The only limitation of the current study is that it was unblinded throughout the procedure. Thus, assigning patients to each of the two groups may be biased.
| Conclusions|| |
Propofol is superior to the combined use of midazolam and meperidine for conscious sedation in percutaneous vertebroplasty. It requires shorter time to achieve sufficient sedation level and is associated with rapid emergence and short recovery time, with no additional risk or side effects.
Financial support and sponsorship
Conflicts of interest
There are no conflicts of interest.
| References|| |
Ploeg WT, Veldhuizen AG, The B, Sietsma MS. Percutaneous vertebroplasty as a treatment for osteoporotic vertebral compression fractures: A systematic review. Eur Spine J 2006;15:1749-58.
Al-Ali F, Barrow T, Luke K. Vertebroplasty: What is important and what is not. AJNR Am J Neuroradiol 2009;30:1835-9.
Sheahan CG, Mathews DM. Monitoring and delivery of sedation. Br J Anaesth 2014;113 Suppl 2:ii37-47.
Sen J, Sen B. A comparative study on monitored anesthesia care. Anesth Essays Res 2014;8:313-8. [Full text]
Cinar K, Yakut M, Ozden A. Sedation with midazolam versus midazolam plus meperidine for routine colonoscopy: A prospective, randomized, controlled study. Turk J Gastroenterol 2009;20:271-5.
De Berti G, Maggi M, Conigliaro R, Levrini G, Salzano S, Ghadirpour R, et al.
Administration of conscious sedation by a neuroradiology team during percutaneous vertebroplasty and spinal biopsy procedures. Neuroradiology 2012;54:231-7.
Della Puppa A, Andreula C, Frass M. Assisted sedation: A safe and easy method for pain-free percutaneous vertebroplasty. Minerva Anestesiol 2008;74:57-62.
Ross WA. Premedication for upper gastrointestinal endoscopy. Gastrointest Endosc 1989;35:120-6.
Bell GD. Review article: Premedication and intravenous sedation for upper gastrointestinal endoscopy. Aliment Pharmacol Ther 1990;4:103-22.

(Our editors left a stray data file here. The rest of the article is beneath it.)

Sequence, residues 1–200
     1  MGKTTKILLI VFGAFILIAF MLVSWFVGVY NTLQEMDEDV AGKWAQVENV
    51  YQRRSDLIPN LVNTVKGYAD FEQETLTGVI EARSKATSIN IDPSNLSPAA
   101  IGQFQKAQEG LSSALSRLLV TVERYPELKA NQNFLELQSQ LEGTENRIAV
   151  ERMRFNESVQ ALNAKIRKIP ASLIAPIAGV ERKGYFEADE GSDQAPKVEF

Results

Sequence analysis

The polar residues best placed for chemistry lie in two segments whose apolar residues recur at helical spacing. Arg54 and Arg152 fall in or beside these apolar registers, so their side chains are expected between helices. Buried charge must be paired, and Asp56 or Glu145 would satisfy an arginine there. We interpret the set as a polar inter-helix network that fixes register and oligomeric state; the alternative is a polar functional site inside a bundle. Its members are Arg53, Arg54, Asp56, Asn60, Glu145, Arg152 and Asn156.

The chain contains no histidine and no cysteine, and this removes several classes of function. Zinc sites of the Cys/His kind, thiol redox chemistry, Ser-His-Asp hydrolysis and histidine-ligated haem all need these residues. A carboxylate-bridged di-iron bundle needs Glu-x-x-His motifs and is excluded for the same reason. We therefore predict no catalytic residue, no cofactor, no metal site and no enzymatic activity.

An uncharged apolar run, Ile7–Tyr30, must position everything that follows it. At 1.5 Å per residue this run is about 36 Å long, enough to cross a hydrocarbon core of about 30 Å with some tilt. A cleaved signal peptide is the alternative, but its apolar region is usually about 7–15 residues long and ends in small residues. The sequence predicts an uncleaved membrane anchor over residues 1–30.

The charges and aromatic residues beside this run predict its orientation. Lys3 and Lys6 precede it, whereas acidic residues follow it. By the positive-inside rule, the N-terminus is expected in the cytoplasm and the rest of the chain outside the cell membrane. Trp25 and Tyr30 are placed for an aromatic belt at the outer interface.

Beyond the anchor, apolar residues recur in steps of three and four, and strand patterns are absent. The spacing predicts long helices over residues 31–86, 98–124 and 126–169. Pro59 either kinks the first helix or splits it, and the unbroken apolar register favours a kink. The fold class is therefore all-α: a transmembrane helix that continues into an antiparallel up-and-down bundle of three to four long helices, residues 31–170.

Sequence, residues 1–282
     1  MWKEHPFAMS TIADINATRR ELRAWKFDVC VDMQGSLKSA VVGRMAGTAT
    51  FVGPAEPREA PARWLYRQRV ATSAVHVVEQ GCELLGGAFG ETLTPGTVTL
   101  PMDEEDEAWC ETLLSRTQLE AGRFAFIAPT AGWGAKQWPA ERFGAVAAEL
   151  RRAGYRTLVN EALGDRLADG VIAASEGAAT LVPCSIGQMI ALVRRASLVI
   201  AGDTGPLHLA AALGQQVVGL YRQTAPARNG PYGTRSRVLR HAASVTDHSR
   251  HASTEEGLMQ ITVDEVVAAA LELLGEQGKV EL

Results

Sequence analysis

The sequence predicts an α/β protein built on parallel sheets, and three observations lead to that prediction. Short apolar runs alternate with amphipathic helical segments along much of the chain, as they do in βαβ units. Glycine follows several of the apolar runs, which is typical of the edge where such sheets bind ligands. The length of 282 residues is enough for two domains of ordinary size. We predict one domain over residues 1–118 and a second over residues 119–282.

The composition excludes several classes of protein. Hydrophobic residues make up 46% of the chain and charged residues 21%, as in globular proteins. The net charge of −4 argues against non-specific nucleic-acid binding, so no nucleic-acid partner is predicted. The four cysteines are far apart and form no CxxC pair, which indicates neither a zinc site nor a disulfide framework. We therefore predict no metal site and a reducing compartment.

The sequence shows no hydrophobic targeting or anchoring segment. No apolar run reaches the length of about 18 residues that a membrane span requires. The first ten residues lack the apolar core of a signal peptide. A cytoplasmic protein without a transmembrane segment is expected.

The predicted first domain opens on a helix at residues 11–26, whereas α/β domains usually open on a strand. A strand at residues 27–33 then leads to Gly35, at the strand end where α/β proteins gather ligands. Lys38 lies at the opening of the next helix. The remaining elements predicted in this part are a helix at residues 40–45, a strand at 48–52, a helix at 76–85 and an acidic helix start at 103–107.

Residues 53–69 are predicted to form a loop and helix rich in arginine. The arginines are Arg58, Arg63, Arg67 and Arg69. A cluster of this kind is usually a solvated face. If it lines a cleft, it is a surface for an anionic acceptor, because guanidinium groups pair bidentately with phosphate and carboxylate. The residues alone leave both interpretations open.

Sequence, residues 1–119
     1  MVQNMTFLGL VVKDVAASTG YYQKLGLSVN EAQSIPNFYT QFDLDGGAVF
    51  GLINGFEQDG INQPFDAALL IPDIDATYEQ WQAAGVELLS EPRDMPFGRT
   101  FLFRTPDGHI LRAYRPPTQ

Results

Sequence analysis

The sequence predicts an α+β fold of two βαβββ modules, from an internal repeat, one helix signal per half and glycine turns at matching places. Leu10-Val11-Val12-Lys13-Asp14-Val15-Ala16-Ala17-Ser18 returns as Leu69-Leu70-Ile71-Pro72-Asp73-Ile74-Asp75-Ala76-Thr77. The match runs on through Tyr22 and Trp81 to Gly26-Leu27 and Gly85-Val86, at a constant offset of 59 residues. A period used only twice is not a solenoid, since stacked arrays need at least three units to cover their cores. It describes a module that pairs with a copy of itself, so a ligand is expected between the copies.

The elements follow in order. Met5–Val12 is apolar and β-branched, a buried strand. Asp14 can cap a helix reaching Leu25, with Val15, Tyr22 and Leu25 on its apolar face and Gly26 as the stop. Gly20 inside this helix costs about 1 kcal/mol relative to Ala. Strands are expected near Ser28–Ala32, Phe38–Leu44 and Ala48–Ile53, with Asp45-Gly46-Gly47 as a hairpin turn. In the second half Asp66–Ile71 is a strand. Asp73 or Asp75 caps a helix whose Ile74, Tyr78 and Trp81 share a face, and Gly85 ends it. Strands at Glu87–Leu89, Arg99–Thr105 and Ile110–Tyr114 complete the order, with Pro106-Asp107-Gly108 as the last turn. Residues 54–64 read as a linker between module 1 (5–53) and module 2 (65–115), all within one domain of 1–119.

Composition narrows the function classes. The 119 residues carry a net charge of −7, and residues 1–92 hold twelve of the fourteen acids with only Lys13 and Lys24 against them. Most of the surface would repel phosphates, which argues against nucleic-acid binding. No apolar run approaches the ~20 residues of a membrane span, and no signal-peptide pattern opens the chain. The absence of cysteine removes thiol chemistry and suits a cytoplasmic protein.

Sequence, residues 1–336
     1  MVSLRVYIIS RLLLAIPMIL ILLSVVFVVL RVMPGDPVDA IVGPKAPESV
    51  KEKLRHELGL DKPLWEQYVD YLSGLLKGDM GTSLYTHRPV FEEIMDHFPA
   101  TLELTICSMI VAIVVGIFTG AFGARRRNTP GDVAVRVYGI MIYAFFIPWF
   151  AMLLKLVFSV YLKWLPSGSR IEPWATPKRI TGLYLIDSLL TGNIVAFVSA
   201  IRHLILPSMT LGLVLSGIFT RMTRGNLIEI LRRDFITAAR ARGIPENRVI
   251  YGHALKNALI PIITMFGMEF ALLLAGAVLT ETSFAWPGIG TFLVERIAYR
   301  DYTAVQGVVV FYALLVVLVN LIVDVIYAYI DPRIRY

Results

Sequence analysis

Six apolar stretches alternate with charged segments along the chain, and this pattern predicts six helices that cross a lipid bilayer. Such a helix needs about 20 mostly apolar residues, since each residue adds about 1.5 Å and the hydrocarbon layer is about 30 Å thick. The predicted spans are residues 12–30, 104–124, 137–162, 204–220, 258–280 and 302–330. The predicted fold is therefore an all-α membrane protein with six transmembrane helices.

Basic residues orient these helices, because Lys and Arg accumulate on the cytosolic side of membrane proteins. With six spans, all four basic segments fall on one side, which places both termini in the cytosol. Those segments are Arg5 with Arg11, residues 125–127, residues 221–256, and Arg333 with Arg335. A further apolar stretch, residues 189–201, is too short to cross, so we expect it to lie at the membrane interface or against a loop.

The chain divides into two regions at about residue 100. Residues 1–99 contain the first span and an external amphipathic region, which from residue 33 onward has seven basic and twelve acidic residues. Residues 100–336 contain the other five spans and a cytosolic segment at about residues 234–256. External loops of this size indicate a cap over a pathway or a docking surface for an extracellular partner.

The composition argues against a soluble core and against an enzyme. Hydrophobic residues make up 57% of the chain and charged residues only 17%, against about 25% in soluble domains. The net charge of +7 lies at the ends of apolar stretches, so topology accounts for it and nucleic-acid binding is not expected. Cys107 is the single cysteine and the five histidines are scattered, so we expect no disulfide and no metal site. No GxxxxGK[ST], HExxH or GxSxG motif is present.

Mather LE, Tucker GT, Pflug AE, Lindop MJ, Wilkerson C. Meperidine kinetics in man. Intravenous injection in surgical patients and volunteers. Clin Pharmacol Ther 1975;17:21-30.
Kramer KJ, Ganzberg S, Prior S, Rashid RG. Comparison of propofol-remifentanil versus propofol-ketamine deep sedation for third molar surgery. Anesth Prog 2012;59:107-17.
Mandel JE, Tanner JW, Lichtenstein GR, Metz DC, Katzka DA, Ginsberg GG, et al.
A randomized, controlled, double-blind trial of patient-controlled sedation with propofol/remifentanil versus midazolam/fentanyl for colonoscopy. Anesth Analg 2008;106:434-9.
Dubois A, Balatoni E, Peeters J, Baudoux M. Use of propofol for sedation during gastrointestinal endoscopies. Anaesthesia 1988;43:75-80.
Koshy G, Nair S, Norkus EP, Hertan HI, Pitchumoni CS. Propofol versus midazolam and meperidine for conscious sedation in GI endoscopy. Am J Gastroenterol 2000;95:1476-9.
Hannallah M, David M, Carroll J, Haddad N, Charabaty A, Barton F. Comparison of propofol vs. propofol/remifentanil anesthesia in upper GI endoscopic ultrasound examination (EUS). Ambul Surg 2012;18:42-4.
Bahal-O'Mara N, Nahata MC, Murray RD, Linscheid TR, Fishbein M, Heitlinger LA, et al.
Sedation with meperidine and midazolam in pediatric patients undergoing endoscopy. Eur J Clin Pharmacol 1994;47:319-23.
Krenn H, Deusch E, Jellinek H, Oczenski W, Fitzgerald RD. Remifentanil or propofol for sedation during carotid endarterectomy under cervical plexus block. Br J Anaesth 2002;89:637-40.
[Figure 1], [Figure 2], [Figure 3]
[Table 1], [Table 2]